Lastly, part of our social mission is about providing upward mobility to our employees and we believe that embracing automation will over time elevate the remaining work and fulfill this commitment. In turn, our customers benefit from Liberty Source’s pursuit of these technology solutions though continuous improvement.

 

Eric: What are some of the things on your mind as you look forward to the next steps of Liberty Source?

Steve: We know the market need – it is seeking agility and flexible arrangements. Ones that can provide innovation and benefit to both parties. We feel our model and culture position us well to provide these differentiators.

Further, we must marry up this to the human capital strategy – we are beginning to build a virtual spouse model, which will give us even more elasticity on how to access and deliver talent. We also believe that bringing RPA into the service delivery model will provide flexibility in how we manage operations and our talent pool.

 

Eric: Thanks for your time and insights – I look forward to hearing more about how the journey has progressed when we speak again.


Photo credit: Flickr

John Mellencamp Named Honorary Everest Group Analyst of the Month | Sherpas in Blue Shirts

By | Blog

“Well I was born in a small town
And I live in a small town
Prob’ly die in a small town
Oh, those small communities

All my friends are so small town
My parents live in the same small town
My job is so small town
Provides little opportunity

— John Mellencamp, Small Town (1985)

Turns out Mr. Mellencamp was a pretty good analyst when it comes to assessing global services employment opportunities in small communities. So much so, that I am officially naming him as “Honorary Everest Group Analyst of the Month.”

No, I am not smoking something.

We just completed a first of its kind analysis of the U.S. Domestic Outsourcing location landscape for RevAmerica and finally have the key facts the industry has been lacking. In short, although smaller communities are sometimes used for service delivery, the reality is that the vast majority of the market is concentrated in larger communities with populations measured in the 100,000s vs. 10,000s. In particular, tier-3 cities are the sweet spot…the largest number of centers, the largest employment, and the largest centers.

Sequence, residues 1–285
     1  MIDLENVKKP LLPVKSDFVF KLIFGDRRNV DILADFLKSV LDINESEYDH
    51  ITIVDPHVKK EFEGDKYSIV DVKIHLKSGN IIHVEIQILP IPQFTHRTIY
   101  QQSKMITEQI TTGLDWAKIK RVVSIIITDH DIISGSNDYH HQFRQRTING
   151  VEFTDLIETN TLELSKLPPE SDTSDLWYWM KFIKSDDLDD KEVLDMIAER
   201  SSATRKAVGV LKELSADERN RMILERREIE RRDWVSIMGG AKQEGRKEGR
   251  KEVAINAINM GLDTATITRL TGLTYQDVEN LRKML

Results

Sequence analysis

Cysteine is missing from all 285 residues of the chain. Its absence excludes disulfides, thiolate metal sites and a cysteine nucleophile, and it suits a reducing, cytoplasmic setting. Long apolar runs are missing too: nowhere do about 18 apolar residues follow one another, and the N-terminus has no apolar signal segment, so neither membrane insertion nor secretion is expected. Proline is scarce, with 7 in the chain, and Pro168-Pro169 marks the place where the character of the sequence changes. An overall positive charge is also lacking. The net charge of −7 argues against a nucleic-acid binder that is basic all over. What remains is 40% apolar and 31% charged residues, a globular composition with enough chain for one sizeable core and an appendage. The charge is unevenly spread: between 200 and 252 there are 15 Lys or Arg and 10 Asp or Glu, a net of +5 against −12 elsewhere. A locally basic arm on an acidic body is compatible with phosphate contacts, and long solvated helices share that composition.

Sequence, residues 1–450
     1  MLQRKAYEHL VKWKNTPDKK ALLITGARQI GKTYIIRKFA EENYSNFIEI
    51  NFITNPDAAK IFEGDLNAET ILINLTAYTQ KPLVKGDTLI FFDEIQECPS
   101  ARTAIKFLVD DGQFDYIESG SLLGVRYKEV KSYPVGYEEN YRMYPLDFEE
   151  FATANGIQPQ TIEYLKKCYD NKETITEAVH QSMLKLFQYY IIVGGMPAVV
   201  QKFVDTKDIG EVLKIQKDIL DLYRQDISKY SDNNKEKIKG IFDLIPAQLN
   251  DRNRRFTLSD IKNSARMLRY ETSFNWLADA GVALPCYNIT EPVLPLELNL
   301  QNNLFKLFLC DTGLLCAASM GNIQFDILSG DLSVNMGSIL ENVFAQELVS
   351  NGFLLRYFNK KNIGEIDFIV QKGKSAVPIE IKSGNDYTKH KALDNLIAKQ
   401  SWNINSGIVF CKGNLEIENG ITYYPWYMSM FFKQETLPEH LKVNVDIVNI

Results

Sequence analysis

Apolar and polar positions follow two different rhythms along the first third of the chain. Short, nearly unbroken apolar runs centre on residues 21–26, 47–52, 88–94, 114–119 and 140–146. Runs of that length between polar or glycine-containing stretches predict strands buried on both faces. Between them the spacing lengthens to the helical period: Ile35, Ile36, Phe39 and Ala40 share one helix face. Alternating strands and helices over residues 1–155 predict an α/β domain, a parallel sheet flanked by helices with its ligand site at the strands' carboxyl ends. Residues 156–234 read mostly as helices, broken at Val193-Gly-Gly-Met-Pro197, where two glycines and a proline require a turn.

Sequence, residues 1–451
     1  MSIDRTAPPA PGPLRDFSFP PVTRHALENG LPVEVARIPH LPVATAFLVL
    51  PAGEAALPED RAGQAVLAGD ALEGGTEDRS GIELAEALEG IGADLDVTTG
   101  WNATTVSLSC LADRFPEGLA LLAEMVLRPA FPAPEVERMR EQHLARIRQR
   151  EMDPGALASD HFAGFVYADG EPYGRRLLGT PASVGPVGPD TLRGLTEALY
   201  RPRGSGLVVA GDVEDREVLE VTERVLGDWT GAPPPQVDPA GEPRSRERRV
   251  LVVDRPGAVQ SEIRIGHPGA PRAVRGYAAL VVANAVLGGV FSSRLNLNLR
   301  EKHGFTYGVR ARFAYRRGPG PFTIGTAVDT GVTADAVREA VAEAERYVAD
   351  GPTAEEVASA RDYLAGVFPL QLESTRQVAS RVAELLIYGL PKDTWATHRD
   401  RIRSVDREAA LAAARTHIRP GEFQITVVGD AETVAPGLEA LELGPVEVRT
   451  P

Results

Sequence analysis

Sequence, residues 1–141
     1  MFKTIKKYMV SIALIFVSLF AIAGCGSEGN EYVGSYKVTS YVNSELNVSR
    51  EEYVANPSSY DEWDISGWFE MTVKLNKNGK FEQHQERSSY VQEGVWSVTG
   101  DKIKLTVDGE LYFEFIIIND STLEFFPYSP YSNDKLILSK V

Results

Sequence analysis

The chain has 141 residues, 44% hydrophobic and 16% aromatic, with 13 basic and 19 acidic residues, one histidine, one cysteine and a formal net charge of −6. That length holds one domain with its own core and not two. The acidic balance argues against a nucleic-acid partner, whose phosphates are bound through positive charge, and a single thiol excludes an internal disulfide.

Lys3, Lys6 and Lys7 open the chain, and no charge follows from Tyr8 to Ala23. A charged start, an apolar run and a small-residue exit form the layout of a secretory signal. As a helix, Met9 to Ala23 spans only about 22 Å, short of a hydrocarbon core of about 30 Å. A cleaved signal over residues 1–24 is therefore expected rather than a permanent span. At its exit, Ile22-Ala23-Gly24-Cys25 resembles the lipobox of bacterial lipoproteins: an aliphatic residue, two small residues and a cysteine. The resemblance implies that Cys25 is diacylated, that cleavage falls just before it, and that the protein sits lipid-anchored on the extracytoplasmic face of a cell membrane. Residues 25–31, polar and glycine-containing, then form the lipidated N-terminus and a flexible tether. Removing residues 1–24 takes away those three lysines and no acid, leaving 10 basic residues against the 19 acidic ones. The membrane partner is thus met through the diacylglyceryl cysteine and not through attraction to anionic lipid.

Defining the city tiers

In order to analyze approximately 250 metro cities, we segmented them into six groups – tier-1 through tier-5 plus rural. As indicated below, the city segments are characterized by differences in population size plus commercial and educational factors.

Location Definitions

Although only one dimension of a city’s potential for service delivery, it is easy and revealing to look at the differences in average population size of the city tiers. Each city tier is 20-40% of the population of the next larger city tier, which leads to a dramatic difference in the profile of cities that are 2-3 tiers different from each other.

Population of city tiers

It’s good to be a tier-3 city!

One of the most interesting findings from the research was the extent to which tier-3 cities dominate on almost every dimension. As shown in the exhibit below, they have the largest share of FTEs and delivery centers of all cities. Further, their centers are on average larger than any other city tier.

Distribution of FTEs and US delivery centers by city-tiers

Additionally, tier-3 cities have the largest portion of multi-function centers (some combination of IT, business process, and contact center) and are the centers which are expected to grow the most in coming years.

Given that tier-3 cities average one million in population, most are surprised that cities of this size are driving the growth of domestic outsourcing delivery – many would expect smaller cities to be the primary forces. So why are tier-3 cities favored?

In short, we believe this is due to three factors which work in combination with each other:

  • Sufficient cost savings: Relative to tier-1 cities, tier-3 cities offer 15-20% savings; moving to tier-4 cities may only offer 5% more savings and in many cases is either cost neutral or even higher cost than a tier-3 city.